However, the changes from AB5 initially sent the pool industry spinning, especially for those using contractors to clean or service pools. Even with the amendment, those who used to be independent pool maintenance contractors may still need to be hired as employees, since the hiring entity will have control over work performance and the work is not outside the business’s offerings, per the checklist requirements.
John A. Norwood, head of government relations for the California Pool & Spa Association, believes the changes do have benefits, including offering more job security for pool technicians.
“Even in the pool and spa industry, California had a real problem with the underground economy,” he says of companies that often-paid service staff cash under the table. “Some people say that 70% of what’s done in the landscape business is done in the underground economy and about 50% of the pool industry is underground.”
While the intent of the bill meant to prevent companies from exploiting contractors, Honadel suspects it will negatively impact the pool world, especially for those just getting started in the industry.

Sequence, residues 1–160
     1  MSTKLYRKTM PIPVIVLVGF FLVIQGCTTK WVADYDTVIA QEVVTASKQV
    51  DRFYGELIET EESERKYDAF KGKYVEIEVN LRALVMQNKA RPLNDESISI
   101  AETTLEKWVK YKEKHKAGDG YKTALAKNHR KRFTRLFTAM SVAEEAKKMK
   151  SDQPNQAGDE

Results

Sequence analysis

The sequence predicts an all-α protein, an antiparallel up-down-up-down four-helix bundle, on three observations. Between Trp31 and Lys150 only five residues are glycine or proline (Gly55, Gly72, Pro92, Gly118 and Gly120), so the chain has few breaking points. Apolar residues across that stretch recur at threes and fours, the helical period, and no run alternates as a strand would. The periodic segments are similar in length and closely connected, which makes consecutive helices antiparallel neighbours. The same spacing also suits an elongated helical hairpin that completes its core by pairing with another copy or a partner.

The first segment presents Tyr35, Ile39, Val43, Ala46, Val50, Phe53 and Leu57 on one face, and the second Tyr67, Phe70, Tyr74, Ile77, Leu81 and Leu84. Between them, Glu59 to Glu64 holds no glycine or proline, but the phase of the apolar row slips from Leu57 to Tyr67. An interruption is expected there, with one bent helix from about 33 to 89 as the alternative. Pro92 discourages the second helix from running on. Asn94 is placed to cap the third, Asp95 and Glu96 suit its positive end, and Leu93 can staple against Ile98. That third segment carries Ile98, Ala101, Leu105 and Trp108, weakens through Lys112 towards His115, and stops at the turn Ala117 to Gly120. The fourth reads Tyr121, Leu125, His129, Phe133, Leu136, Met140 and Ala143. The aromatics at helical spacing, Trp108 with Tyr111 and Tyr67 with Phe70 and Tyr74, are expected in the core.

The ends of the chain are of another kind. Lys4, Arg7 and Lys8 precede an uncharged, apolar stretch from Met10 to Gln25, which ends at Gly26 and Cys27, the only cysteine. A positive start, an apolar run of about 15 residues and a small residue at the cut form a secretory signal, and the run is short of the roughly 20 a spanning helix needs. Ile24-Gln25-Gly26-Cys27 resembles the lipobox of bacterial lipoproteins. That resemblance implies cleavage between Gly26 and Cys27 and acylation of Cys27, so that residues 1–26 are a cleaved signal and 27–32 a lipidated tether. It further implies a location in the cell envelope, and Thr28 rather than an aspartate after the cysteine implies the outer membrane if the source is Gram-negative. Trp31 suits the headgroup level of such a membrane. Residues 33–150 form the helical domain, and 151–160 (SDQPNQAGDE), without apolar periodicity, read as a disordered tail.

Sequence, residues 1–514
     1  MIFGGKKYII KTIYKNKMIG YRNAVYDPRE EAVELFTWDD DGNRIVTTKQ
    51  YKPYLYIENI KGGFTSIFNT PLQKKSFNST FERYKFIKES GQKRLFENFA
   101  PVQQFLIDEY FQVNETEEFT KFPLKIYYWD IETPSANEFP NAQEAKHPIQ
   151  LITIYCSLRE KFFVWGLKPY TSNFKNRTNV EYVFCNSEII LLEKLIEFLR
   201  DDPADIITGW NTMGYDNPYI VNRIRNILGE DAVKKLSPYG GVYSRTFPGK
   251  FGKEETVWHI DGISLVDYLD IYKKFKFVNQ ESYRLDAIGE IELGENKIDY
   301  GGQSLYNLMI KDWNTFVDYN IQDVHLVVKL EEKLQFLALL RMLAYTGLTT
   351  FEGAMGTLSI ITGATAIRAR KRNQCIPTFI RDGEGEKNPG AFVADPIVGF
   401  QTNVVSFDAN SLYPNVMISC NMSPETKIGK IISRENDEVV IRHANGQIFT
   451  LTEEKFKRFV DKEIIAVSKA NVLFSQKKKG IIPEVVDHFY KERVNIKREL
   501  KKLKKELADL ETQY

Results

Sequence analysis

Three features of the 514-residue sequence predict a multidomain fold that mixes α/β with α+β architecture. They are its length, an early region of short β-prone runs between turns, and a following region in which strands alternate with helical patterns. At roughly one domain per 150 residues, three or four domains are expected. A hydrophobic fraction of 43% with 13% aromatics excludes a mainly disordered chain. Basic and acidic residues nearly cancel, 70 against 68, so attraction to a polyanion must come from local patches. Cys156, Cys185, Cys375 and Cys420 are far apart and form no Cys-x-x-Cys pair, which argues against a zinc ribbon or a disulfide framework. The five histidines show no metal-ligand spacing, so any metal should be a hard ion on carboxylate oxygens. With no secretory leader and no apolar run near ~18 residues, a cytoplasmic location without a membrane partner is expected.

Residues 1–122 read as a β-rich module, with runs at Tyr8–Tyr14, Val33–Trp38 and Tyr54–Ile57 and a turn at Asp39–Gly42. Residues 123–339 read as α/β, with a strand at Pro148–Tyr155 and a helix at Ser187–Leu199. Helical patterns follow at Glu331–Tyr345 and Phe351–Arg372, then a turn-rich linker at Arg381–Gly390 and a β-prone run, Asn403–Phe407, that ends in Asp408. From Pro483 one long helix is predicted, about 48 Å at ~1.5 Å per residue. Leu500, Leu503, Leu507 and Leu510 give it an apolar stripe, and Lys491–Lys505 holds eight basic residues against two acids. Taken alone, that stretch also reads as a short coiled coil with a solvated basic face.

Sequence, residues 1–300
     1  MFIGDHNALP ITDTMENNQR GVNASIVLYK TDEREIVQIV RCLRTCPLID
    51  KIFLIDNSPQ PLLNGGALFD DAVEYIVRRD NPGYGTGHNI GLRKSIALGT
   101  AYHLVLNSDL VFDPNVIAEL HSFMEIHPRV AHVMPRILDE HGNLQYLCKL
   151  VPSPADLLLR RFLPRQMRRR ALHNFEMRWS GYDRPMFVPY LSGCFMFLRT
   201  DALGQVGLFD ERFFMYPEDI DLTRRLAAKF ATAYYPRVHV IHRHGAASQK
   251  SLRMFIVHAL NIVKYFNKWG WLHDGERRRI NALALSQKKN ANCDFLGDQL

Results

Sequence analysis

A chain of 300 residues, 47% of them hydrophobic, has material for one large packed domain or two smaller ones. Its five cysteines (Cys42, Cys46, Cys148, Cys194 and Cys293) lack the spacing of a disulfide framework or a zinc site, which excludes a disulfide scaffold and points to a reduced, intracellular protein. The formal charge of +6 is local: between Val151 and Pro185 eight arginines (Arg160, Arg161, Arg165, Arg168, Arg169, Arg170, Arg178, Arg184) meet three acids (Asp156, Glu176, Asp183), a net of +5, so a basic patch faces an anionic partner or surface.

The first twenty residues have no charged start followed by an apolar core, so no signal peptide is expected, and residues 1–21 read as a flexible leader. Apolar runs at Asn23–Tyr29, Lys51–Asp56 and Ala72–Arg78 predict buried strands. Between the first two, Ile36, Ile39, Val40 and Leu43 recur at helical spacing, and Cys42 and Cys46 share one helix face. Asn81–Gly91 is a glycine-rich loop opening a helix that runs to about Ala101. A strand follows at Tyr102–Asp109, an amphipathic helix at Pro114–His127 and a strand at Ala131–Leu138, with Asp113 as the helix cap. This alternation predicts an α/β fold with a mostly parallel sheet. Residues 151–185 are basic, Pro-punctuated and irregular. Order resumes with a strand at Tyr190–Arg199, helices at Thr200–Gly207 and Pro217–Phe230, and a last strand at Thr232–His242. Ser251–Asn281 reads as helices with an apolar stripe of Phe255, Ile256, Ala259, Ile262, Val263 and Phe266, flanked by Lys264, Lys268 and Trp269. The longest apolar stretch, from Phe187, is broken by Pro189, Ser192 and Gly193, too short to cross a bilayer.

“There are a lot of cons to the bill,” he says. “You start out cleaning pools. That’s how you cut your teeth. That’s how I started.”
Others look at it as a way to strengthen their businesses.
Scott Reynolds, CEO of The Get Smart Group, a full-service marketing agency for home recreation companies, home improvement contractors and general contractors, is experiencing the bill’s impact both as a business owner and through its pool industry clients.
Reynolds looks at the passage of AB5 as a good change though, even if it costs more for business owners.
“Look at it as a legislatively forced opportunity to improve your business,” he jokes. “If you’re in California, it’s just the cost of business. I’m not happy about it. It costs my clients and myself a lot more money.”
But as someone who formerly ran a business of freelancers, Reynolds viewed the new legislation as a way to do business better. At any given time, he had upwards of 20 writers from all over the country. Now, he’s managing full-time employees because of AB5. It’s not his idea of how he’d like to run his business, but it’s made him look at ways to better serve customers who now have access to his full-time staffers. Instead of contracted workers, he now has employees who are fully focused on his business and their roles.
He says the biggest impact for his pool industry clients is on the service side.